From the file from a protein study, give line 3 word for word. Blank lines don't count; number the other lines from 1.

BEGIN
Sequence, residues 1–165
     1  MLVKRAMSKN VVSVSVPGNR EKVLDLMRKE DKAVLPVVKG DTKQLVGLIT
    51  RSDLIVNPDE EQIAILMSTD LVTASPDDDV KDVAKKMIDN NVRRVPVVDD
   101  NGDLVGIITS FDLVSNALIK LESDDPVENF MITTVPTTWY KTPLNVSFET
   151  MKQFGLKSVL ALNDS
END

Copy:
    51  RSDLIVNPDE EQIAILMSTD LVTASPDDDV KDVAKKMIDN NVRRVPVVDD